A smart location: Wattens, Austria
Wattens, high in the Austrian Alps, was a shrewd choice—plenty of natural water to generate hydroelectricity for his machinery and also far from the prying eyes of competitors. With rail transport links to the fashion capitals of Europe, demand soon reached fever pitch among jewelry and couture ateliers. His sons Wilhelm, Friedrich, and Alfred had by now joined their father and, themselves, had begun experimenting with crystal production.
In 1919, Daniel Swarovski seized the chance to make his grinding and polishing tools available to the industrial community via a new subsidiary known as Tyrolit. But it was during the Thirties that several significant milestones were achieved. Firstly, in 1931 the company launched a line of crystal trimmings, to the delight of the garment and accessories sectors, featuring crystals in ready-to-use formats for edging, hems, and borders. Then, in 1935, Daniel’s oldest son, Wilhelm, developed a pair of prototype binoculars. Two years later, Swarovski created a line of glass reflectors for road and rail, and reflector strips for guardrails, which by 1950 would be marketed under the brand name ‘Swareflex’. And in 1949 , a new company, Swarovski Optik, became a leading producer of optical lenses.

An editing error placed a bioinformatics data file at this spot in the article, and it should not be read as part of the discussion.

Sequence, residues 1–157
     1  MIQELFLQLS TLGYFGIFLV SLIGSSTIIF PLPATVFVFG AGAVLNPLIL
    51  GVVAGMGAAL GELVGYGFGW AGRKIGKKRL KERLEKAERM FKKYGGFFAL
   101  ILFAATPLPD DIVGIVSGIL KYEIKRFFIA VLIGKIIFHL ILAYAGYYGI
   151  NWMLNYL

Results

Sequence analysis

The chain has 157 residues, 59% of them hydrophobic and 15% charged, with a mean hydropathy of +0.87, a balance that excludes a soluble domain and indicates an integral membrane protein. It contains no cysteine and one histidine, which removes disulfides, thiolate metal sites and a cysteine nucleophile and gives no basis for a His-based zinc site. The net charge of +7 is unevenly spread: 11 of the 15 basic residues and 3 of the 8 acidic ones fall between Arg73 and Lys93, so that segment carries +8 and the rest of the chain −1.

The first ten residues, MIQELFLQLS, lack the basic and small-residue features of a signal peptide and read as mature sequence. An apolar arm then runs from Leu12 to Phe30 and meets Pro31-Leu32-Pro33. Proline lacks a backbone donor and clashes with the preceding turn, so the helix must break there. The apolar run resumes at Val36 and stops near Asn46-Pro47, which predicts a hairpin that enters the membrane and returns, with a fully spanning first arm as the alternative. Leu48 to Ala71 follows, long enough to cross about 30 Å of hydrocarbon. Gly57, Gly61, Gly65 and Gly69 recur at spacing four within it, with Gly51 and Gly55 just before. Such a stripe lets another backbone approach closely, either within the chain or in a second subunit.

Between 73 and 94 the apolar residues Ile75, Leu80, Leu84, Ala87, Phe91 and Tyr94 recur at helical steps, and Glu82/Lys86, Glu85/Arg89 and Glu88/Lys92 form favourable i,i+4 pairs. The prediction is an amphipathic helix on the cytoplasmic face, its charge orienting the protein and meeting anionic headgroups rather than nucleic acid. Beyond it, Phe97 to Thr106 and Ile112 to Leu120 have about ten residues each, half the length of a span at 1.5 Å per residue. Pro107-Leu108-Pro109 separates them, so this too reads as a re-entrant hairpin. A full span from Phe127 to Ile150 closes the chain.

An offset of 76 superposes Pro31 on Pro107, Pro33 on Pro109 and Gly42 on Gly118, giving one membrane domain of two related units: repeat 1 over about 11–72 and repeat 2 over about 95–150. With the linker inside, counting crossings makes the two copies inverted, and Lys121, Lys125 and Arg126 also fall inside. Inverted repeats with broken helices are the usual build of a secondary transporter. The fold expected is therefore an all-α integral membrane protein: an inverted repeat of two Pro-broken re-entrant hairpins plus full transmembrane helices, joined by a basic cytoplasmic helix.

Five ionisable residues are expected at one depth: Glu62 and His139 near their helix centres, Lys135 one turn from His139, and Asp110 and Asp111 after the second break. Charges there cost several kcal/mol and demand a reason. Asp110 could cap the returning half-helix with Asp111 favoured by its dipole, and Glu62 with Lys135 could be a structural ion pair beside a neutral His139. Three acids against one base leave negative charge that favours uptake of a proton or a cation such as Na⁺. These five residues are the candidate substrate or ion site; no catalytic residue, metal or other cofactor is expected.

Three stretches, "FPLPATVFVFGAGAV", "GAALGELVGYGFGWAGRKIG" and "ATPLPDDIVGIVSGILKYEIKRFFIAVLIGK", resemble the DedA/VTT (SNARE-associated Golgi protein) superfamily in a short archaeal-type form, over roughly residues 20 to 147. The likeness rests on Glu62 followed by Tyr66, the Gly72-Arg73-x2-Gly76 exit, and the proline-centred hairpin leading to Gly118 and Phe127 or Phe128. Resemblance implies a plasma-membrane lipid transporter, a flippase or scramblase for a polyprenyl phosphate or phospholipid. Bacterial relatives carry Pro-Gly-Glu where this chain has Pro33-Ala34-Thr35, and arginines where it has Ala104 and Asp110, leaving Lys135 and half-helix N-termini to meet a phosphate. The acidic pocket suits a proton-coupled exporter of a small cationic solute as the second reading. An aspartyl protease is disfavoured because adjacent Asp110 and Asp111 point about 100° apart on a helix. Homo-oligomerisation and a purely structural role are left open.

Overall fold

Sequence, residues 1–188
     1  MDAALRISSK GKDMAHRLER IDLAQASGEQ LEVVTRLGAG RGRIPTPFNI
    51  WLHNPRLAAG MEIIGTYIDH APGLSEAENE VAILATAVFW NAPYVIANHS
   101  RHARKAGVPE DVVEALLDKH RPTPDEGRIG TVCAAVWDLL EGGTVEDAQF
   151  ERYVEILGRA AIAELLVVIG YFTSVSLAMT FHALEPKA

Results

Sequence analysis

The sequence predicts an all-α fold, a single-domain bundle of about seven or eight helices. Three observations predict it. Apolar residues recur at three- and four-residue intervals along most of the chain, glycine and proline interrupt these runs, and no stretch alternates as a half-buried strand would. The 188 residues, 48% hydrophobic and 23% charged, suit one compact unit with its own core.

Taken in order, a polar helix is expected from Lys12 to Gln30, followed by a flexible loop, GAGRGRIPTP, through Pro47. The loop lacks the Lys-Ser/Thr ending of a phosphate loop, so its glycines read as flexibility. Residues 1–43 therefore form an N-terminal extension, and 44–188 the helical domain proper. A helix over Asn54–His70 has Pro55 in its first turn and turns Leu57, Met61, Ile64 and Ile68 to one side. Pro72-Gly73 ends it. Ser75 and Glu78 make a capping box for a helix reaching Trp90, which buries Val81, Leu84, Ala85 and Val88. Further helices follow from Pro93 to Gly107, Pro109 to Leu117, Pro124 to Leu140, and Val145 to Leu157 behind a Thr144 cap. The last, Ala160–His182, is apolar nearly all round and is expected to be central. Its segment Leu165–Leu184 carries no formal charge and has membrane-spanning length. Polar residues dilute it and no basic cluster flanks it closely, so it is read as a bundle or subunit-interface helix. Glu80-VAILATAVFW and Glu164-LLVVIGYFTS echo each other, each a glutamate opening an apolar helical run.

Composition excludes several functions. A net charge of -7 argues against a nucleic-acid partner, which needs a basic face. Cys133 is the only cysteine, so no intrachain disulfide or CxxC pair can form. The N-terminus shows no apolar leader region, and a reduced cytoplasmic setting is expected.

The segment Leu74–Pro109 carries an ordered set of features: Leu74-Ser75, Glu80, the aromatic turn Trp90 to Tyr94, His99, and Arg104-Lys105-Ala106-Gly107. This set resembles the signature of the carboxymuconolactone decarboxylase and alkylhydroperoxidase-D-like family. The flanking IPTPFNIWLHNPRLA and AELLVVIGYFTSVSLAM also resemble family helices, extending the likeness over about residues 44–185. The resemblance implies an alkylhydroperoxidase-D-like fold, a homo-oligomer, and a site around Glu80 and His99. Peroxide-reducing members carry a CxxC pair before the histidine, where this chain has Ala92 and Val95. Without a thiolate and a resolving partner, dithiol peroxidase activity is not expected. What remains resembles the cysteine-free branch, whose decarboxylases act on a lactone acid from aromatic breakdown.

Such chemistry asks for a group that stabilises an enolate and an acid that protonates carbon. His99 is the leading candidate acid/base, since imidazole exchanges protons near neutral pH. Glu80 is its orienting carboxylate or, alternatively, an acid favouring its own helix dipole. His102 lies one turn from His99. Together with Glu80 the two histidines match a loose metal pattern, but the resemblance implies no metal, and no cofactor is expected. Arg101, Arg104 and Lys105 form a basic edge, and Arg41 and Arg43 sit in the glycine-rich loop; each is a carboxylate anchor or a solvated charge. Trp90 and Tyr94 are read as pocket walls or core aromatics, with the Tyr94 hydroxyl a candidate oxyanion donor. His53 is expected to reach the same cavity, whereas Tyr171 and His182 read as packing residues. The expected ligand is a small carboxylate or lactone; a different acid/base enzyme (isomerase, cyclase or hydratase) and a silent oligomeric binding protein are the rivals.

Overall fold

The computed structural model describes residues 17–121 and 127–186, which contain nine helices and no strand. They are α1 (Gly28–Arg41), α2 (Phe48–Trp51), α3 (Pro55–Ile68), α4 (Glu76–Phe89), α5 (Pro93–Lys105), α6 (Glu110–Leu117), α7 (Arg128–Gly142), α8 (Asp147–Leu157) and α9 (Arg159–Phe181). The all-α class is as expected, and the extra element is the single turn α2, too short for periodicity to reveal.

The end of an era
Daniel Swarovski died in 1956 at the great age of 93 , the same year his company created the Aurora Borealis, which was snapped up by Christian Dior. This shimmering finish transformed the sparkle of cut crystal, and was a fitting way to mark the passing of a legend. His spirit lives on in the company’s rigorous application of his motto: “To constantly improve what is good.”